Let's say that Country A wants to enter into UNCLOS. However, it doesn't like certain provisions of UNCLOS. Is it legally possible de jure (not de facto, since countries clearly can just establish the stuff they like in UNCLOS as their own laws) to only ratify parts of the treaty (not abiding by the opt-out clause)? Or is this against international norms/is not regarded as legal? (I also do not mean countries who are in the process of adopting all parts of a treaty since their intent is still to adopt the entire treaty.) Now, let's say that the country was abiding by the opt-out clause and did not exclude any other parts of the treaty. Did they technically/semantically speaking still ratify the entire treaty?

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    It depends on the provisions of the particular treaty. For UNCLOS, articles 309 and 310 are relevant. You can read some of the declarations made on signature or ratification at treaties.un.org/Pages/…
    – Henry
    Mar 30 at 2:56
  • @Henry Ah ok. Thanks. Apr 3 at 1:17

1 Answer 1


Broadly speaking: "yes, but..."

Such declarations are called 'reservations'.

A reservation is a declaration by a state made upon signing or ratifying a treaty that the state reserves the right not to abide by certain provisions of the treaty.

Reservations are formally defined in Article 2.1(d) of the 1969 Vienna Convention on the Law of Treaties. Articles 19-23 govern the process of making and withdrawing reservations. Generally, it outlines, among other things, that:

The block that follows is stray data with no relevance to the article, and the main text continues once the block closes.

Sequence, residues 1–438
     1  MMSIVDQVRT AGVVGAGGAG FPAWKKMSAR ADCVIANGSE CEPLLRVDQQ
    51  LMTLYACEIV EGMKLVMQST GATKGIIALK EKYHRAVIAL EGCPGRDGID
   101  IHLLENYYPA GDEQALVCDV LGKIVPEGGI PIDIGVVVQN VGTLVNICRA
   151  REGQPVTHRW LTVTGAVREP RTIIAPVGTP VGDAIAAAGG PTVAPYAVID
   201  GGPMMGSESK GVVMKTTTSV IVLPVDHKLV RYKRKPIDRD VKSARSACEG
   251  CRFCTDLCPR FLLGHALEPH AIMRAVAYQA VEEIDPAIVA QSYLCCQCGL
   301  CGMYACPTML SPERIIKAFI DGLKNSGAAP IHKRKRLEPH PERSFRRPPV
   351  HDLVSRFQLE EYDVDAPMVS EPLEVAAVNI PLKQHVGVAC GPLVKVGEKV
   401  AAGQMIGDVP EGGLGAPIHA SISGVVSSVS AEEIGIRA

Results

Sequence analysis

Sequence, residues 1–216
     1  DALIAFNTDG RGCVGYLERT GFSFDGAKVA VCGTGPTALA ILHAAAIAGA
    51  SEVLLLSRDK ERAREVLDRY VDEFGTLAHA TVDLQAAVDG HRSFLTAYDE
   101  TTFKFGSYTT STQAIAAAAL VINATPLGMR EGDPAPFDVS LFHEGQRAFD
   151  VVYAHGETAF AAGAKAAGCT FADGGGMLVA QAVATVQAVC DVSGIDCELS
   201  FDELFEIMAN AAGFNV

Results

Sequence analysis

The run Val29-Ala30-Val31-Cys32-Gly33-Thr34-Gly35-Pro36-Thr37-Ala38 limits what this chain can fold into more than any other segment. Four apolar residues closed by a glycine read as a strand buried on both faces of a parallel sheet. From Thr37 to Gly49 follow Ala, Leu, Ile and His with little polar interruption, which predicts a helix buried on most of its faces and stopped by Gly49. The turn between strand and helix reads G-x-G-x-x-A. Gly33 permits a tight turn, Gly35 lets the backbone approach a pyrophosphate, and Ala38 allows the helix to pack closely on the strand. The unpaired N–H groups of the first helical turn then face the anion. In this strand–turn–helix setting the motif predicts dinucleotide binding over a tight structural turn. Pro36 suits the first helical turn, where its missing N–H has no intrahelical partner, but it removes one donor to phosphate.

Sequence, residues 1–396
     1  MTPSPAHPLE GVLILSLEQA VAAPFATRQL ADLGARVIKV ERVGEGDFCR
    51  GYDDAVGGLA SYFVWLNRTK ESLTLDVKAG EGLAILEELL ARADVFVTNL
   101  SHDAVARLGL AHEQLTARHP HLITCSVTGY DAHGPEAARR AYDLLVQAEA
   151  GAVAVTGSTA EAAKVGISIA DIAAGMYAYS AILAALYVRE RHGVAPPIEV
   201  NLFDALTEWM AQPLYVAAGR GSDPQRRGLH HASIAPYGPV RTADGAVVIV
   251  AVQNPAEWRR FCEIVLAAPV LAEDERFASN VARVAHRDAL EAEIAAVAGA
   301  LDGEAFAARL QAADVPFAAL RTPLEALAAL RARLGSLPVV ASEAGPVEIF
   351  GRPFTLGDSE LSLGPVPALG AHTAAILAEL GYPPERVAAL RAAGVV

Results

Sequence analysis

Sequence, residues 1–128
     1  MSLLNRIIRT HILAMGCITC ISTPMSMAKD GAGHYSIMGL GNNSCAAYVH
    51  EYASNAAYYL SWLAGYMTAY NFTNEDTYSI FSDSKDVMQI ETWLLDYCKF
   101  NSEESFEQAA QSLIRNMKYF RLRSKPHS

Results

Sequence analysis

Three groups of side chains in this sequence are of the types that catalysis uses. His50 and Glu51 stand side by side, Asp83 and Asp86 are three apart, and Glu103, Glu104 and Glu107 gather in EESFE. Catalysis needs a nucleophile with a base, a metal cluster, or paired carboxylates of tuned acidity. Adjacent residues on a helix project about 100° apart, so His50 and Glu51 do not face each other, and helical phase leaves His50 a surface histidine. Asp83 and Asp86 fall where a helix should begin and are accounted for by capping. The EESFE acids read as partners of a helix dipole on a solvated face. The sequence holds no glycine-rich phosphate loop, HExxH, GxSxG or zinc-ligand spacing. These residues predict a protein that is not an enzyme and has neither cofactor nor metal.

• Reservations cannot be incompatible with the object and purpose of the treaty.
  • A treaty may also prohibit reservations for some or all of the treaty's provisions. Other states may object to a reservation.
  • A reservation may also be withdrawn at a later date.
  • Reservations and objections must be in writing.

In comments here, Henry linked to the UNCLOS page where you can see its signatories and their declarations and reservations, and pointed to UNCLOS articles 309 and 310.

Article 309

Reservations and exceptions

No reservations or exceptions may be made to this Convention unless expressly permitted by other articles of this Convention.

Article 310

Declarations and statements

Article 309 does not preclude a State, when signing, ratifying or acceding to this Convention, from making declarations or statements, however phrased or named, with a view, inter alia, to the harmonization of its laws and regulations with the provisions of this Convention, provided that such declarations or statements do not purport to exclude or to modify the legal effect of the provisions of this Convention in their application to that State.


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